Overnight – Powell Change Effects Global Yields: The effects of Fed Chair Powell’s tone-change in yesterday’s speech extended into the overnight session. Global equities were mostly positive in response to yesterday’s U.S. rally while global yields ticked lower and Treasury yields continued to decline. Chinese equities were left out of Thursday’s gains with the CSI 300 slipping 1.3% to turn negative for the week. While Powell’s speech was positive for risk assets, this weekend’s trade meeting between Presidents Trump and Xi have obvious potential implications for global markets. European markets were up but had given back most of their gains and U.S. futures were weaker. U.S. futures had retreated modestly with Dow and S&P 500 down just over 0.2% and the Nasdaq 0.5% lower. U.S. crude prices were in focus as WTI fell below $50 per barrel for the first time since October 2017 on another week of record U.S. production and a larger-than-expected inventory build. Prices bounced back subsequently, however, on a headline that Russia could agree with OPEC to cut production. After shaking off the softer tone from Powell on Wednesday, longer U.S. yields are leading the U.S. curve lower. The 10-year yield was down nearly 5 bps to 3.01% after earlier crossing below the psychological 3%-level to 2.995%. The 2-year yield was down 1.6 bps to 2.79%.



Market Pares 2019 Fed Expectations after Powell Adjusts His Characterization of Fed Funds: In a speech to the Economic Club of New York, Fed Chair Powell said there is a “great deal to like” about their economic outlook for “continued solid growth, low unemployment, and inflation near 2 percent.” But it was the change in his description of where the Fed Funds rate is relative to its neutral estimate, despite no changes to the target range since his last assessment, that caused the swift market swings. On October 3, with the Fed’s target range at 2.00%-2.25%, Fed Chair Powell said in a PBS interview that the Fed Funds Rate was “a long way from neutral.” Yesterday in New York, with the target range still at 2.00%-2.25%, Powell said the Fed Funds rate was “just below” the range of neutral estimates. While the Fed’s current projections from September are for a rate hike in December, three more in 2019, and one in 2020, Powell reiterated that “there is no present policy path.” He added, “Our path of gradual increases has been designed to balance [the risk of hiking too fast with the risk of hiking too slow], both of which we must take seriously,” and acknowledged “the economic effects of our gradual rate increases are uncertain and may take a year or more to be fully realized.” With weakness in some key economic reports recently, including inflation, and forward market-based inflation expectations at their lowest levels of the year, markets were keen to see if Powell would sound more dovish. He concluded his economic remarks by pledging that the Fed “will be paying very close attention to what incoming economic and financial data are telling us.”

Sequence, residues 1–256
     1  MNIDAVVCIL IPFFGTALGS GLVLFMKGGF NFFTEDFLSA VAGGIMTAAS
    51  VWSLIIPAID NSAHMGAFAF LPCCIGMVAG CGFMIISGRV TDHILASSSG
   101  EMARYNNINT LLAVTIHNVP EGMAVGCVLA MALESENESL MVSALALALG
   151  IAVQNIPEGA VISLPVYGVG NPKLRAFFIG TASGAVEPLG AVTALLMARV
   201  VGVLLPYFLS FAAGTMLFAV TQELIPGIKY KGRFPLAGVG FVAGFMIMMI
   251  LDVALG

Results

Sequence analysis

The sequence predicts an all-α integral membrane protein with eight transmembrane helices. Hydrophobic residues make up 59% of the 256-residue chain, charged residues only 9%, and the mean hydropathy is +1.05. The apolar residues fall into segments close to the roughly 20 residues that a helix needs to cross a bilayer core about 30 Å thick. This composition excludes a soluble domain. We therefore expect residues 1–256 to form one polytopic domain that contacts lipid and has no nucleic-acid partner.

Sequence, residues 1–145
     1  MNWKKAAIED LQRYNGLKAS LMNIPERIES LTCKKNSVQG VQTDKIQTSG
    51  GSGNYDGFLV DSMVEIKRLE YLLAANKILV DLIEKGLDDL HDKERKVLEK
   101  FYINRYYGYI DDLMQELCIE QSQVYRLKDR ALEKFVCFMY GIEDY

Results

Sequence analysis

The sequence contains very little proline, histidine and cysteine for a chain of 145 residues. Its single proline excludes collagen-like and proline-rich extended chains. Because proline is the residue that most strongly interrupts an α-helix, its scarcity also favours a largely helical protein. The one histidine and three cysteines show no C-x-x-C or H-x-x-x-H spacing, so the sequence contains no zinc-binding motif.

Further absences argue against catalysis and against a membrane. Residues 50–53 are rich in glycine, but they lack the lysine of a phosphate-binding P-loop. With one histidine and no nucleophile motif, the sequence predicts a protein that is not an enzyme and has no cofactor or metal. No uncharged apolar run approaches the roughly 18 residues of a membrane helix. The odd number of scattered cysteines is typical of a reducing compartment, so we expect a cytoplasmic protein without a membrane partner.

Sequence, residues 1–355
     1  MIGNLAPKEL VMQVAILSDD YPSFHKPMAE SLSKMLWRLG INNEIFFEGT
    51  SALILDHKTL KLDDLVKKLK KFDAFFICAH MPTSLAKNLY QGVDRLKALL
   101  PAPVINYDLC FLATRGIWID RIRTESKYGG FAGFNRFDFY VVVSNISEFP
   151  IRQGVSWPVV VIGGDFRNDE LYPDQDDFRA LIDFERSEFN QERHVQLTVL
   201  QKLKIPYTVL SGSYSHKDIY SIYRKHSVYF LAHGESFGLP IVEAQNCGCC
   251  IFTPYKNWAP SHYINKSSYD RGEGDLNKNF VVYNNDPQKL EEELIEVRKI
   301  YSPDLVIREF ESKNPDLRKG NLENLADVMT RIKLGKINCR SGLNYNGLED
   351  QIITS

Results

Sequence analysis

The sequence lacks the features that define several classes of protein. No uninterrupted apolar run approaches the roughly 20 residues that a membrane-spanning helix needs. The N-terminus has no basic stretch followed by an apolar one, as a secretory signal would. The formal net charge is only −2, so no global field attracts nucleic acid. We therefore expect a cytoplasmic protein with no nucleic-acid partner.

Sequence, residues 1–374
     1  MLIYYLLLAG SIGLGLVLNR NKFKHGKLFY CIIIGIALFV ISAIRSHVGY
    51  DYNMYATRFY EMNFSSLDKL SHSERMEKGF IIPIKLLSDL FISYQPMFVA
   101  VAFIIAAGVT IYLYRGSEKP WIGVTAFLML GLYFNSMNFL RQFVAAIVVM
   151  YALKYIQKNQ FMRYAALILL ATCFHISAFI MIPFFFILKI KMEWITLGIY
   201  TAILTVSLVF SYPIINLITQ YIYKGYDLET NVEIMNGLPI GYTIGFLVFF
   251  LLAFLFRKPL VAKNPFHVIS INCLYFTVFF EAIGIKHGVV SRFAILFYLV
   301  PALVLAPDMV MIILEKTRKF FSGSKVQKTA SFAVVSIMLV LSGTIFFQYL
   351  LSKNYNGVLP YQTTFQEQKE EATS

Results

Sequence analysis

New Home Sales Slump to Slowest Sales Pace Since March 2016: New home sales sank unexpectedly in October as struggles for housing activity continued to show few signs of abating. While the 8.9% monthly drop exaggerated the relative severity a bit, considering a large positive revision to September’s sales from -5.5% to +1.0%, the annualized pace of 544k units was the weakest since March 2016. No regions were spared, as all four posted notable declines. The sharpest drops occurred in the Northeast (-18.5%) and Midwest (-22.1%), which combined only account for 15% of total sales. However, sales in the South, the largest-volume region, declined 7.7% to their lowest since July 2017 and the West saw 3.2% fewer contracts signed, the least since August 2017. Higher mortgage rates have further crimped affordability that has suffered as price gains have consistently run faster than wage growth. But slower sales have helped pushed the median price down 3.1% from a year ago to $309.7k, the lowest since February 2017. Too little supply was a long-time culprit for rapid price gains, but a shortage no longer seems to be the issue. The number of new homes for sale jumped to its highest level since January 2009. The months’ supply on hand has surged from 5.3 in March to 7.4 in October, the most since 2011. While new home sales tend to see significant revisions, shown to be true in Wednesday’s report, October’s disappointment will for now serve as another sign of continued slowing in the U.S. housing market.